Two words sum up the authors' advice to patients: be skeptical. Aussie journalists Moynihan (Too Much Medicine?) and Sweet (coauthor, The Big Fat) try to channel Jerome Groopman's bestselling How Doctors Think but wind up wanting. The writers gamely encourage hard-edged skepticism by offering anecdotes of medical mismanagement along with questions and strategies to aid a patient's decision-making about procedures or medications. "[I]t can be a mistake to sit back and hand over control for our health care," they caution. This is not a new concept, and there's certainly no such thing as too much information, but the authors' assumption that all you have to do is ask the right question to elicit the right answer is troubling. When a practitioner makes a recommendation, it's a safe bet it's already his or her best guess. Still, the simple guide to "what to ask" at the end of each chapter will go far to arm the timid or nervous patient with ammunition to open an honest conversation-and the assurance you're making the most informed decision possible. (June 24)Copyright © Reed Business Information, a division of Reed Elsevier Inc. All rights reserved.
How Patients Should Think: 10 Questions on How to Make Better Decisions about Drugs, Tests, and Treatmentby Ray Moynihan, Melissa Sweet
In the heat of the moment, it is difficult to know what to ask our doctor so that we can reach the best possible solution or treatment. How can a doctor know to go through a list of risks, treatments and alternatives if the patient does not ask? This list of ten open-ended questions can help every type of patient get some control over the decisions that affect their… See more details below
In the heat of the moment, it is difficult to know what to ask our doctor so that we can reach the best possible solution or treatment. How can a doctor know to go through a list of risks, treatments and alternatives if the patient does not ask? This list of ten open-ended questions can help every type of patient get some control over the decisions that affect their help. Covering everything from tests to drugs to lifestyle issues, any or all of these ten questions can guide you to better decisions whether you’ve been told you have high cholesterol, your child has an ear infection, or that you need a CAT scan.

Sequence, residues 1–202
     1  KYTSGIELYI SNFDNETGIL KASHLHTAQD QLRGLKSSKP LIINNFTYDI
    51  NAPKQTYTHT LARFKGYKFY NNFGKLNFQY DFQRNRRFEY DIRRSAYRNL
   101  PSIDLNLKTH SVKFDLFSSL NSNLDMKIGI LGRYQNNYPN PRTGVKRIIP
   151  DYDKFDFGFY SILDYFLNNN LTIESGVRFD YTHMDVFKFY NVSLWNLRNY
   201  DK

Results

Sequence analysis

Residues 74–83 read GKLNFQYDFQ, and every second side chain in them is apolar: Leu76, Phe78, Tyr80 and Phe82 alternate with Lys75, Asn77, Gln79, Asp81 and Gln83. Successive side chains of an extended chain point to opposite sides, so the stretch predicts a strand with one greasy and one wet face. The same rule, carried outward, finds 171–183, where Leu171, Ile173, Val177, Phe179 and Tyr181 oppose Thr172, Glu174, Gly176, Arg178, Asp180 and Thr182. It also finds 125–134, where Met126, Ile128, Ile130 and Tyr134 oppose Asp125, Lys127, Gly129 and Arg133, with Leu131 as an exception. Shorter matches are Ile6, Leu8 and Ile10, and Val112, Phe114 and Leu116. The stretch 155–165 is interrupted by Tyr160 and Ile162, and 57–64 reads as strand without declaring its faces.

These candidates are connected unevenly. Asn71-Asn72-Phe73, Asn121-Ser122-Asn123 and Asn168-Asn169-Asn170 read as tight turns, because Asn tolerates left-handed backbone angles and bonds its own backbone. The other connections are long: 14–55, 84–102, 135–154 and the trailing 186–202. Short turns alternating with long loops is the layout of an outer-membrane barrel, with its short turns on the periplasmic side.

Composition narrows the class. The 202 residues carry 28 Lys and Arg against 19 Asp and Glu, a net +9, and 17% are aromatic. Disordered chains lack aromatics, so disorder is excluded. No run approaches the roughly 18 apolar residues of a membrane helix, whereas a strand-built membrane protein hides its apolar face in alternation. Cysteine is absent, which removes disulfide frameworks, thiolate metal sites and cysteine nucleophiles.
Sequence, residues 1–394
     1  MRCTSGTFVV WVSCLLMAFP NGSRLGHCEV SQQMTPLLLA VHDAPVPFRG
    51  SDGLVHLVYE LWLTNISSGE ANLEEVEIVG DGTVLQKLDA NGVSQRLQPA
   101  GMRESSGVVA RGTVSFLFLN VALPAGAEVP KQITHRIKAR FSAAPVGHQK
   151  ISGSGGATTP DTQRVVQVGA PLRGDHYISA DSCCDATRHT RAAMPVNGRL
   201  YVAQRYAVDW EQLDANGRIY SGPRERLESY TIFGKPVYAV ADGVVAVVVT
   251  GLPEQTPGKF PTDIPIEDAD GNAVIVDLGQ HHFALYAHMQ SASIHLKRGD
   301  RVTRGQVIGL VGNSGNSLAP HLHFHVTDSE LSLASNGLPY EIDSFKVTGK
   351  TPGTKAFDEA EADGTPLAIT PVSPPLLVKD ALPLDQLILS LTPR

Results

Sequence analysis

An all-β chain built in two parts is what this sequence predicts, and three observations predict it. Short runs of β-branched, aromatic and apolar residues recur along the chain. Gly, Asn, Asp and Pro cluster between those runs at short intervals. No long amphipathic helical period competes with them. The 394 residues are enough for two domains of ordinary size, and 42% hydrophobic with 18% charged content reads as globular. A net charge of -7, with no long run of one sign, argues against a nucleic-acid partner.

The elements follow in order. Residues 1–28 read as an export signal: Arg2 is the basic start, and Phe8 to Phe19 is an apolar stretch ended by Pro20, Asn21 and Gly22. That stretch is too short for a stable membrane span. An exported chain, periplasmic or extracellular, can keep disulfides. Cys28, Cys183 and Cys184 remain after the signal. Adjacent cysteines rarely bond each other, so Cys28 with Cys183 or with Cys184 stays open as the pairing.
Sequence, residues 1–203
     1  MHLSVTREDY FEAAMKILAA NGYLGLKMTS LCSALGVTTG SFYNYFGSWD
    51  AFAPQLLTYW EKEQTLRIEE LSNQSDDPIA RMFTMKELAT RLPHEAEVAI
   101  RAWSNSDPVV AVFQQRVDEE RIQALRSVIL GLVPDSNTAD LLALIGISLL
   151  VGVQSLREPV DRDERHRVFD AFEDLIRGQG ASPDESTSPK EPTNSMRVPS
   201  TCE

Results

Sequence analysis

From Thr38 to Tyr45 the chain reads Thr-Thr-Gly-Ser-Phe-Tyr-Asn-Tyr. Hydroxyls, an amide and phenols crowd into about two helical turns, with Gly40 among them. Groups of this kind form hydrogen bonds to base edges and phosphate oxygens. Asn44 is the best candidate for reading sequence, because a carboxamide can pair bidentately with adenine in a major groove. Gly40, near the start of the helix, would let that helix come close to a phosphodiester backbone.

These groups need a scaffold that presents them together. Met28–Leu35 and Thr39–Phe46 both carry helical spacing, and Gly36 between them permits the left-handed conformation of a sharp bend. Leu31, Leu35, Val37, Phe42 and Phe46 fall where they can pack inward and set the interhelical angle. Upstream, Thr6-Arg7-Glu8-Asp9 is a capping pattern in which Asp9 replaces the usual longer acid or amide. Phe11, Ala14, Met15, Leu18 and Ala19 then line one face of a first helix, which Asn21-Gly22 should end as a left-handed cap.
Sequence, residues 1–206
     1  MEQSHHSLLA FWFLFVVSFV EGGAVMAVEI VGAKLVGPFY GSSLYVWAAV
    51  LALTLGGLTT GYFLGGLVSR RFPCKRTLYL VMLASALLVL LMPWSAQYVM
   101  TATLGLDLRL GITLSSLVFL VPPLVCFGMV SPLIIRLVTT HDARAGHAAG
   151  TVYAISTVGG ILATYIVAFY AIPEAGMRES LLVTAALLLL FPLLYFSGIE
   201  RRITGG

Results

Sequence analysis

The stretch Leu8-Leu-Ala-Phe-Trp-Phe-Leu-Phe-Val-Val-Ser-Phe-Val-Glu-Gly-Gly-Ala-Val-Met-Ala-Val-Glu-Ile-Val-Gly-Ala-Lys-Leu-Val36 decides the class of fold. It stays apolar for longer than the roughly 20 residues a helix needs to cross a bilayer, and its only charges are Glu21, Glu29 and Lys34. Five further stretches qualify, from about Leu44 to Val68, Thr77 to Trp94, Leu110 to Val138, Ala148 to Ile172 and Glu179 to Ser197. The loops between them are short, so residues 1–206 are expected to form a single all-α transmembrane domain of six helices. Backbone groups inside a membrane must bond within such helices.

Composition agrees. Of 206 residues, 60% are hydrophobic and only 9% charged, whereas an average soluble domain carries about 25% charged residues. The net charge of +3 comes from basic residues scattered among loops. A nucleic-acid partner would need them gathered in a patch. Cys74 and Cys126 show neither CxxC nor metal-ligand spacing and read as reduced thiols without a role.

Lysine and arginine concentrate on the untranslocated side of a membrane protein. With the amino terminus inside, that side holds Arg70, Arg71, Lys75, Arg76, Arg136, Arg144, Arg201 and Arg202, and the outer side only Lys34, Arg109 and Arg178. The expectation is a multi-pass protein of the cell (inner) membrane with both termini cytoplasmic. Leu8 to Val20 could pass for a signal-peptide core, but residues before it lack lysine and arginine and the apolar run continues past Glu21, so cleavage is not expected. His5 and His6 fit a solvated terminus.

Australian health journalists Moynihan (Selling Sickness) and Sweet (Inside Madness) here offer a well-researched, informative, and readable investigation into patient health-care interactions, which the authors believe are largely formed by what giant private medical corporations decide to promote or research. Instead, argue the authors, people should make health decisions based on the best evidence available and should be fully informed of a treatment's possible harms as well as benefits. Ten pertinent and focused cases, highlighting instances in which not all the information was shared, are explored in separate chapters with titles like "Do I really have that disorder?" and "Who else is profiting here?" The authors are proposing high-level doctor-patient communication, which may not always be feasible. But more health professionals now welcome proactive patients, and the authors supply practical pointers on approaching such a conversation. Although many references are Australian or British (there is a good reference list), much of the information is nonspecific enough to be beneficial. The amount of detail here will make this book hard going for most lay readers, but health-care professionals and academics should find it useful.
Elizabeth J. Eastwood
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